echo client and server programs shown previously
serve to illustrate socket fundamentals. But the server model suffers
from a fairly major flaw: if multiple clients try to connect to the
server, and it takes a long time to process a given clients’
request, the server will fail. More accurately, if the cost of
handling a given request prevents the server from returning to the
code that checks for new clients in a timely manner, it won’t
be able to keep up with all the requests, and some clients will
eventually be denied connections.
In real-world client/server programs, it’s far more typical to code a server so as to avoid blocking new requests while handling a current client’s request. Perhaps the easiest way to do so is to service each client’s request in parallel -- in a new process, in a new thread, or by manually switching (multiplexing) between clients in an event loop. This isn’t a socket issue per se, and we’ve already learned how to start processes and threads in Chapter 3. But since these schemes are so typical of socket server programming, let’s explore all three ways to handle client requests in parallel here.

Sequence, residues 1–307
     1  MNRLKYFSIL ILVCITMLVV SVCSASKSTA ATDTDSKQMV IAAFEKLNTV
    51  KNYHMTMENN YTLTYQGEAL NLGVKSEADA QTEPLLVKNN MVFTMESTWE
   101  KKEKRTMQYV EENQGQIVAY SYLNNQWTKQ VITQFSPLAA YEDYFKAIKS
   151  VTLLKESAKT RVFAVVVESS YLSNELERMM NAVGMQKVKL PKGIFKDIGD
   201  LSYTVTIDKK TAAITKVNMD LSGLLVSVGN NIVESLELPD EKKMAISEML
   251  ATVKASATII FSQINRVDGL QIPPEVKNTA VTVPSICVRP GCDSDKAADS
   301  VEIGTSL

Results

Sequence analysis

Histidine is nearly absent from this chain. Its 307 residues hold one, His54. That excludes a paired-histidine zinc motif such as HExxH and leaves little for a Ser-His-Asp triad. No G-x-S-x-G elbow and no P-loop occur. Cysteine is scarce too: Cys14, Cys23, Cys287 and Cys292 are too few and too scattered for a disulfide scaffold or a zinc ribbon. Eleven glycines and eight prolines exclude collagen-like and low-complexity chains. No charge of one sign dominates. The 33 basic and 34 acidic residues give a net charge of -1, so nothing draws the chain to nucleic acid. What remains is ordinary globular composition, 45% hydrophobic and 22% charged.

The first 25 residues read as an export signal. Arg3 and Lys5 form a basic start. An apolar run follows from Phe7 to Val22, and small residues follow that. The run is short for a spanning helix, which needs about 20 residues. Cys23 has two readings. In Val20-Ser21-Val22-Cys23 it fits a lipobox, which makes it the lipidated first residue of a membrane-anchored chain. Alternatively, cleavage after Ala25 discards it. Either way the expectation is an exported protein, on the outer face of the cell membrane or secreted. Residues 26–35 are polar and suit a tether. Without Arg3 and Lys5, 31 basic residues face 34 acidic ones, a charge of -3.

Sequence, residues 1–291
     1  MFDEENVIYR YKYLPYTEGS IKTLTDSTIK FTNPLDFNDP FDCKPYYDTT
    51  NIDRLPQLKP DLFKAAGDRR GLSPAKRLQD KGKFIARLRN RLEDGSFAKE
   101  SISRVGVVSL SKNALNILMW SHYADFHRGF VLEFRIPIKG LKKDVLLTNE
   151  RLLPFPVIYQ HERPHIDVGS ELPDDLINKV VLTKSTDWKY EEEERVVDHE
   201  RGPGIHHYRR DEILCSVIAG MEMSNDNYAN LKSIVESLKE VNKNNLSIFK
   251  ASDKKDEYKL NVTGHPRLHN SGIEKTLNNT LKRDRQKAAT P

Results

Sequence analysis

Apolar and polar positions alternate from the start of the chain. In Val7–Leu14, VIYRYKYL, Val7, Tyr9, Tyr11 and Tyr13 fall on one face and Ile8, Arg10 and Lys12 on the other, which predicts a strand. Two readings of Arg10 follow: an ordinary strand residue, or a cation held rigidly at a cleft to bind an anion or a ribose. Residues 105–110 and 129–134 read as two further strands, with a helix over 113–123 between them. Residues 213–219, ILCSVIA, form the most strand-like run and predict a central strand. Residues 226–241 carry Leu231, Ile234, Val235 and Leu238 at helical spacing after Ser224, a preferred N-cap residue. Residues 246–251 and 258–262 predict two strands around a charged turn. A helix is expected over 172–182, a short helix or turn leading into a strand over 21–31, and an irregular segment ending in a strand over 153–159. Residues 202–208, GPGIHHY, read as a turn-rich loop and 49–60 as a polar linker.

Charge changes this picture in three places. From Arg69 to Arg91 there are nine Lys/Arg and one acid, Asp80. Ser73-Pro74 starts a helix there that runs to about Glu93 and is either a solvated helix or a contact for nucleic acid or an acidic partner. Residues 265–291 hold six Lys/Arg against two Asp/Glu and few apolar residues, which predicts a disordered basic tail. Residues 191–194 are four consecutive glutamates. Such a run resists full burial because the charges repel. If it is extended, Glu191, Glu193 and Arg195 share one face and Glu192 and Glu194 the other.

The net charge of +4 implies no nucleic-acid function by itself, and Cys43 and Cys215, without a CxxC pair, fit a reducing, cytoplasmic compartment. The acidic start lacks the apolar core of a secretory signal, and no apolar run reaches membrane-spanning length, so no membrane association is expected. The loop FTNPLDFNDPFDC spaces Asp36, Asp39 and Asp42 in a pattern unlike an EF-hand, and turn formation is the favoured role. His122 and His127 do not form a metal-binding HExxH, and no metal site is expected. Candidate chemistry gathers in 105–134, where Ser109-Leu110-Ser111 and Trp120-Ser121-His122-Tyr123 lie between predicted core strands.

The script in Example 10-4 works like the original
echo server, but instead forks a new process to
handle each new client connection. Because the
handleClient function runs in a new process, the
dispatcher function can immediately resume its
main loop, to detect and service a new incoming request.
Example 10-4. PP2E\Internet\Sockets\fork-server.py ...